The record showed that when the brochure came into Golden Hour's possession at the trade show, it was given to Golden Hour's patent attorney, who referred to it in the Invention Disclosure Statement filed with the PTO, including quotation of the cover page but not the inner page. At the trial, the full brochure was in evidence, and stressed by the defendants, and the jury found that it was not invalidating. In view of the majority's ruling that deceptive intent was not established in the district court, and the jury's verdict of validity despite the brochure, the charge of inequitable
The charge of inequitable conduct carries high stakes for both the attorney, whose career it can threaten, and the applicant, who can lose a perfectly valid patent. In Kingsdown Medical Consultants, Ltd. v. Hollister Inc., 863 F.2d 867 (Fed. Cir.1988), this court, recognizing the abuses that had arisen, held en banc that both materiality and culpable intent had to be established by clear and convincing evidence, that even gross negligence was insufficient to establish inequitable conduct, and that intent could not be inferred from materiality. For the Golden Hour patent, the question of patentability in view of the AeroMed brochure was before the jury, and the jury verdict of validity despite the AeroMed brochure is not challenged. Since intent to deceive was not established before the trial judge, and materiality is reasonably disputed, there is no basis for a second-bite ruling of inequitable conduct. I would lay the matter to rest or, at a minimum, stay the proceedings until conflicting precedent is clarified in accordance with the pending en banc hearing of the Therasense appeal. Thus I must, respectfully, dissent from the court's treatment of this issue.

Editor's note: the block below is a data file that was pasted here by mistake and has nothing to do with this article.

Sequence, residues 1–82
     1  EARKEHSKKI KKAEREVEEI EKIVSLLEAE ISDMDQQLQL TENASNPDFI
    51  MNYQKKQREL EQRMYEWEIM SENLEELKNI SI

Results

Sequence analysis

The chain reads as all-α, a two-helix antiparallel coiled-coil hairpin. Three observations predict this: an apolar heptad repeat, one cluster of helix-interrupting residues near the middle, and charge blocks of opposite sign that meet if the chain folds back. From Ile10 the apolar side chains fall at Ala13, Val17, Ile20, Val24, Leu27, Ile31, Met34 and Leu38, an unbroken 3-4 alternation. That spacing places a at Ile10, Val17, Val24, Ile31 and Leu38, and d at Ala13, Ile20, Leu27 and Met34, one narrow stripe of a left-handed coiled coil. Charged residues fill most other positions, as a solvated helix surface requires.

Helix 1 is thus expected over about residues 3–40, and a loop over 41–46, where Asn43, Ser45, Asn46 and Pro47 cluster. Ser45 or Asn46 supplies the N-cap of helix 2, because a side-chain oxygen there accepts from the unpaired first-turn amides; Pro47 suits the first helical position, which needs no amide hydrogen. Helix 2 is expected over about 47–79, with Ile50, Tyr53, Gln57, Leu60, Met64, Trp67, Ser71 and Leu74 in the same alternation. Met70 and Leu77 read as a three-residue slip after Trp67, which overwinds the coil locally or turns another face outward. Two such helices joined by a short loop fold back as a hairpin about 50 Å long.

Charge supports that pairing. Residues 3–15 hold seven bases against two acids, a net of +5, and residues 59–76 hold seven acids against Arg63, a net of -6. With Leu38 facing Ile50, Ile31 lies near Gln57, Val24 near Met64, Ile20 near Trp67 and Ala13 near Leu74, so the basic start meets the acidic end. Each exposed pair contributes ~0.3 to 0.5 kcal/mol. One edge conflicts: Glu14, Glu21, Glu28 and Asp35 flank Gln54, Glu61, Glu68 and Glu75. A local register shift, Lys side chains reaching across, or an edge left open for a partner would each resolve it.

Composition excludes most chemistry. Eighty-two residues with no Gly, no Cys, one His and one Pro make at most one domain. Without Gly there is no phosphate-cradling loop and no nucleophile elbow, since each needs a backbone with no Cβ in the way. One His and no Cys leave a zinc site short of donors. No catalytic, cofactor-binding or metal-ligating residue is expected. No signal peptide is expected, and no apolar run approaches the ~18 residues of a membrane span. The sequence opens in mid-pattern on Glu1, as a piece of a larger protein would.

II. JOINT INFRINGEMENT
The court rules that when two entities collaborate to infringe a patent, such that one performs some steps of the claim and the other performs the other steps, there cannot be any infringement, on any theory, unless one entity "controls or directs" the activity of the other. As the majority opinion reports, here the defendants "formed a strategic partnership, enabled their two programs to work together, and collaborated to sell the two programs as a unit." Maj. Op. at 1371. The court now holds that such a relationship avoids all